Favorite Titles from the 1897 ICPL Collection

by Heidi L

The Iowa City Public Library still circulates more than 100 titles that were present in our opening-day collection on January 21, 1897.  I like thinking about how my 21st century self would have been a very happy reader in the 19th century. 

Jane Eyre

Charlotte Brontë

FICTION Bronte, Charlotte
Fiction, Classics

Heidi L's picture

I read "Jane Eyre" when I was a teenager, and have reread it a few times since. I admire the title character's intelligence, drive, and integrity, and it certainly helps that there is a happy, romantic ending. As with several other titles on this list, love of the novel led me to reading about its author, and Charlotte Bronte was a complex woman, progressive in her thinking. The character of Bertha in "Jane Eyre" and her part of the story is troubling in my 21st century reading (for another perspective of Bertha, read "Wide Sargasso Sea" by Jean Rhys). Nevertheless--Reader, I named my cat Charlotte. -Heidi L

Cranford

Elizabeth Cleghorn Gaskell

FICTION Gaskell, Elizabeth Cleghorn
Fiction, Classics

Heidi L's picture

"Cranford" is a look at a small village and the women in it. Class differences are shown, friendships endure anyway, and the sheltered village reacts to changes in society. Author Elizabeth Gaskell wrote another favorite novel of mine, "North and South". She was a friend of Charlotte Bronte, and at Charlotte's father's request, wrote the first biography of Charlotte after she died. -Heidi L

Pride and prejudice

Jane Austen

FICTION Austen, Jane
Fiction, Classics

Heidi L's picture

What can I say about "Pride and Prejudice" that hasn't already been said? Jane Austen is funny, and can be a bit snarky, and she excels at describing the relationships that define our everyday life. It's a great story, and if you have seen one of the many movie adaptations, or read the knockoffs or continuations, may I suggest returning to the original? -Heidi L

Sense and sensibility

Jane Austen

FICTION Austen, Jane
Fiction, Classics

Heidi L's picture

Another Jane Austen favorite, a book about sisters and how different they can be, a lesson about the dangers of excess and the benefits of moderation. And hidden beneath the surface is the message about women and money in the eighteenth century: women don't have it and their well-being is dependent upon how generous the men in their lives will be. -Heidi L

Wuthering Heights

Emily Brontë

FICTION Bronte, Emily
Fiction, Classics

Heidi L's picture

Emily Bronte's "Wuthering Heights" is one of the harder reads on this list, but I respect it for its moody atmosphere, the depiction of the wild Yorkshire moors, and the passionate characters the author created. A favorite memory is visiting the Bronte Parsonage in Haworth, walking into the fields behind the house, all the while wanting to shout into the wind: "I *am* Heathcliff!". But I didn't. -Heidi L

The moonstone

Wilkie Collins

FICTION Collins, Wilkie
Mystery, Classics

Heidi L's picture

"Moonstone" by Wilkie Collins (friend of Charles Dickens) is often named as the first detective novel. It's a good mystery, with international intrigue and some romance too. Another title by Collins, "Woman in White," is also on the 1897 list and in our current collection, and is another favorite of mine. -Heidi L

A tale of two cities

Charles Dickens

FICTION Dickens, Charles
Historical Fiction, Classics

Heidi L's picture

One of Dickens's shorter novels, but perhaps the most quoted: "It was the best of times, it was the worst of times...." The French Revolution comes to grim life in these pages, and unfortunately, at times it doesn't seem very different than the societal battles we still fight. I love Charles Dickens's long sentences and humorous use of words and names. This one made me cry too. -Heidi L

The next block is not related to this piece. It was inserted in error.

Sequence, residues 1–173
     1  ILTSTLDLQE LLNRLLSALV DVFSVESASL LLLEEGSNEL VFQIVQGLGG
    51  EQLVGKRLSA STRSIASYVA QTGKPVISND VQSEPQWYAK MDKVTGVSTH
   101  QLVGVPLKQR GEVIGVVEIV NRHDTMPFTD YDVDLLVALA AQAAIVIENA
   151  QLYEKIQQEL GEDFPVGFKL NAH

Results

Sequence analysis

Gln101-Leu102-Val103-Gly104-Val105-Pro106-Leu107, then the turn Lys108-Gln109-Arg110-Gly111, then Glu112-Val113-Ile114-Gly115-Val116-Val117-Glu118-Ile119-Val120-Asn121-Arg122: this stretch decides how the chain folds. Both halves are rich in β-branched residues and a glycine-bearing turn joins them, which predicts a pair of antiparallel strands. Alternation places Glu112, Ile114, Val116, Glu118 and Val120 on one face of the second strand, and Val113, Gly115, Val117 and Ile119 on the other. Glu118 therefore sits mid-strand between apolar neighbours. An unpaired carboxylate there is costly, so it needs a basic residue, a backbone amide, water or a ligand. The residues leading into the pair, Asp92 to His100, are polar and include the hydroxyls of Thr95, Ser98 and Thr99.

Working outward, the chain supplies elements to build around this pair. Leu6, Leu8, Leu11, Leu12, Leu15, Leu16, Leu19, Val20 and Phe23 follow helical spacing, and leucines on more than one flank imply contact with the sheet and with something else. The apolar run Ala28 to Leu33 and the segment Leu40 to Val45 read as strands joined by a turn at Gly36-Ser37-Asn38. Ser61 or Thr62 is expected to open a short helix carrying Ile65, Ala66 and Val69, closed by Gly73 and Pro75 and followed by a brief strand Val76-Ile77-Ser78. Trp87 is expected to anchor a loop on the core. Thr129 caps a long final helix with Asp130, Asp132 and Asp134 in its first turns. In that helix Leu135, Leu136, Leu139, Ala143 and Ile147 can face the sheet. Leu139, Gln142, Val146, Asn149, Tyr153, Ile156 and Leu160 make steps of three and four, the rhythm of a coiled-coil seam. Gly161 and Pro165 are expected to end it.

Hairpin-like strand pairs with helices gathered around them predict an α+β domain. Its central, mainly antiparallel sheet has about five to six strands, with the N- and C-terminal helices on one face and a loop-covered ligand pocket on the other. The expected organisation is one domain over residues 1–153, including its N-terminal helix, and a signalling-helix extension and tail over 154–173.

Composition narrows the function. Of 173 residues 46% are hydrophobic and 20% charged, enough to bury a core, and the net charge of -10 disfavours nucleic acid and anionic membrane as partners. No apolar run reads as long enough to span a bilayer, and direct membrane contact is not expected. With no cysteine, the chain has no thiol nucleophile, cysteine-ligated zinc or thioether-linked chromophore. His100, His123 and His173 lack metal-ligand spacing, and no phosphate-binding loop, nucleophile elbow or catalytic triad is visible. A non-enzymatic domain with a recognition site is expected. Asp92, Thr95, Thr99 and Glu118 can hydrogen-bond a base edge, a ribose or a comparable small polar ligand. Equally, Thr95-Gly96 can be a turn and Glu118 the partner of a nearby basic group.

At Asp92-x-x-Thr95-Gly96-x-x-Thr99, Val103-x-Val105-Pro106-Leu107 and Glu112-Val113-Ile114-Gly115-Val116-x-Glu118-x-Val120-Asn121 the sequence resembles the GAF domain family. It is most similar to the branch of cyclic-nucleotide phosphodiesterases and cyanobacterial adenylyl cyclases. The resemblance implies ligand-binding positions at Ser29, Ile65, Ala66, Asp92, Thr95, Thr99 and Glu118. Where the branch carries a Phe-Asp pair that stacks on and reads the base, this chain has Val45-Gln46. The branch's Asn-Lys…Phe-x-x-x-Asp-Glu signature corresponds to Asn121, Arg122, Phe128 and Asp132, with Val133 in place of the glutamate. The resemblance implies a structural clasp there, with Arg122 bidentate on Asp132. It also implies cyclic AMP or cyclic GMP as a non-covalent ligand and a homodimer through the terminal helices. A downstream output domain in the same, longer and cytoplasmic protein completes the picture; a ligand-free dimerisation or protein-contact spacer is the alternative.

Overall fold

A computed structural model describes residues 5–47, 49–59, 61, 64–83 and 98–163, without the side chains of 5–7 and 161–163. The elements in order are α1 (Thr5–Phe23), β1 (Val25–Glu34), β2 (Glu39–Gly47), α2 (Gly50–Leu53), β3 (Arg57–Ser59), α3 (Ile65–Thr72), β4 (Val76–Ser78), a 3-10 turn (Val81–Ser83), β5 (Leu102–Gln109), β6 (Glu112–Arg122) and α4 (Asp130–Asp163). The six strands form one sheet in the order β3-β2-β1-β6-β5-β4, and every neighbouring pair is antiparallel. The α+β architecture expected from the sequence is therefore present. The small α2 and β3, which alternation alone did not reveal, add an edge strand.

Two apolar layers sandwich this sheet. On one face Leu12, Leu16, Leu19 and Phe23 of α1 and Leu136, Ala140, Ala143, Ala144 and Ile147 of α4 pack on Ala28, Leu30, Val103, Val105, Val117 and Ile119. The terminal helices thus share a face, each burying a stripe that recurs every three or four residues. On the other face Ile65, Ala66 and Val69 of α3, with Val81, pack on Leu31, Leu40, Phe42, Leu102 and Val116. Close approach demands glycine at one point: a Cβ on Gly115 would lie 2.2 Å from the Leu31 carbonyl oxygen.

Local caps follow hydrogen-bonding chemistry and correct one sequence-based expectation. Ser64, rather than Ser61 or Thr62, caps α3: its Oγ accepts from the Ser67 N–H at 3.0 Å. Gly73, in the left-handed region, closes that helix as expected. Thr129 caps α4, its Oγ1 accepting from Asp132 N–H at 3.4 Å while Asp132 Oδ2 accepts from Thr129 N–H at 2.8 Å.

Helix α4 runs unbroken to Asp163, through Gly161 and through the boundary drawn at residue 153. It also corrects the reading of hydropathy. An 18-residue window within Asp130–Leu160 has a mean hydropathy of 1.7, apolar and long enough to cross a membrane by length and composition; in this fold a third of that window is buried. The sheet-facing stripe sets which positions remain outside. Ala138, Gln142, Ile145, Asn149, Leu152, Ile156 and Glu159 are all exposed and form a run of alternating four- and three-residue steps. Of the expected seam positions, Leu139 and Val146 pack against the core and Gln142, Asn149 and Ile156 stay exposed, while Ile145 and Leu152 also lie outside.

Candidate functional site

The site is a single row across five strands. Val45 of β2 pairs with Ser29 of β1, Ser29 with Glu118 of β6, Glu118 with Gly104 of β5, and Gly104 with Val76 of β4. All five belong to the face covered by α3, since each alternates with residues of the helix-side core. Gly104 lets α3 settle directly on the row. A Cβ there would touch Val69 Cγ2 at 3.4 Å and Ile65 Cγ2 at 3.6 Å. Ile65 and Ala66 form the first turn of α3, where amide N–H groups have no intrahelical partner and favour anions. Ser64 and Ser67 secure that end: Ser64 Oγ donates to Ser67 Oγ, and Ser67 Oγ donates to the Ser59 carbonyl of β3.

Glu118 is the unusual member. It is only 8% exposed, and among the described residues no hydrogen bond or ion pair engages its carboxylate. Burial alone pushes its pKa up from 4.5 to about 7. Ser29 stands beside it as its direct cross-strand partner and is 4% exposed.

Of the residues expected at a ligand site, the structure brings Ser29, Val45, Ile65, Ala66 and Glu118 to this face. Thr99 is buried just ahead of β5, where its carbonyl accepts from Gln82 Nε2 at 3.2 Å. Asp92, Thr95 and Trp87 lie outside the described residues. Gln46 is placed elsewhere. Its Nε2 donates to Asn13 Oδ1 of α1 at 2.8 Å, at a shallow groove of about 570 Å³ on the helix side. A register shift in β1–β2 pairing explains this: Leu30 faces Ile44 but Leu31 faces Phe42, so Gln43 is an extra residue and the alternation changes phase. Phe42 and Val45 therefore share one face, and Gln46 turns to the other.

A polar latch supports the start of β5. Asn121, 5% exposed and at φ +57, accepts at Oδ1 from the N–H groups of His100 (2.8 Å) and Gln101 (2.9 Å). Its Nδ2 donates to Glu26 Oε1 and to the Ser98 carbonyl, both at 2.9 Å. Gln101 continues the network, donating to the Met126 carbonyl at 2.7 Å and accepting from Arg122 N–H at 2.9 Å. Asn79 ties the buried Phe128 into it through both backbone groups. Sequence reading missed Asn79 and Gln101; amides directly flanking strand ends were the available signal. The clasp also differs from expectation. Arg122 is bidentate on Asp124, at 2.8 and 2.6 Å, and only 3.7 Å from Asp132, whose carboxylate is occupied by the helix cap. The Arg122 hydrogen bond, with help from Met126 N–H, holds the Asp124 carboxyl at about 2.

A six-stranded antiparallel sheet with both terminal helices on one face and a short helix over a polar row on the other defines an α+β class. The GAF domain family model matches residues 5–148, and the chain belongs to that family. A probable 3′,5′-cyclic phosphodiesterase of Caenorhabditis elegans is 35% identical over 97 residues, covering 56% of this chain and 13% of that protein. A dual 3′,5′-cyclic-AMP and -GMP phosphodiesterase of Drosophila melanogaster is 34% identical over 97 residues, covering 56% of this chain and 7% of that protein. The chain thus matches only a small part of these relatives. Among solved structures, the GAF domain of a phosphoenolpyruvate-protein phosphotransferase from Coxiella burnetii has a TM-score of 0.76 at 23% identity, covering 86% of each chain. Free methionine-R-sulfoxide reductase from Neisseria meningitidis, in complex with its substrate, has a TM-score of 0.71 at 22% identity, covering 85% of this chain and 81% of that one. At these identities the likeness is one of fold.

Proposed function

Middlemarch

George Eliot

FICTION Eliot, George
Fiction, Classics

Heidi L's picture

There are many layers to this novel--love and marriage and mistakes, politics, class issues, how shallow some people can be. The heroine, if that is not too strong a word for her, is Dorothea, whose idealism and earnest quest for meaning in life often result in heartache and disappointment. But not always. -Heidi L

Far from the madding crowd.

Thomas Hardy

FICTION Hardy, Thomas
Fiction, Classics

Heidi L's picture

Here's a 19th century novel where the woman seemingly has a little more control over her life--though it is shaped by not one, not two, but three men who want to marry her. One of several of Hardy's novels set in the fictional southern English county of Wessex, it conveys much about the farming life and business of the era, as well as the hazards of a woman who tries to live independently. -Heidi L

Anna Karenina : a novel in eight parts

Leo Tolstoy

FICTION Tolstoy, Leo
Fiction, Classics

Anna Karenina tells of the doomed love affair between the sensuous and rebellious Anna and the dashing officer, Count Vronsky. Tragedy unfolds as Anna rejects her passionless marriage and must endure the hypocrisies of society. Set against a vast and richly textured canvas of nineteenth-century Russia, the novel's seven major characters create a dynamic imbalance, playing out the contrasts of city and country life and all the variations on love and family happiness. While previous versions have softened the robust, and sometimes shocking, quality of Tolstoy's writing, Pevear and Volokhonsky have produced a translation true to his powerful voice. This award-winning team's authoritative edition also includes an illuminating introduction and explanatory notes. Beautiful, vigorous, and eminently readable, this Anna Karenina will be the definitive text for generations to come.

Heidi L's picture

A long, long novel that you can get lost in. Depressing, bleak, but so rich in description and story. I wish I had read this for a class, as I am sure I missed some vital lessons that the book contains. -Heidi L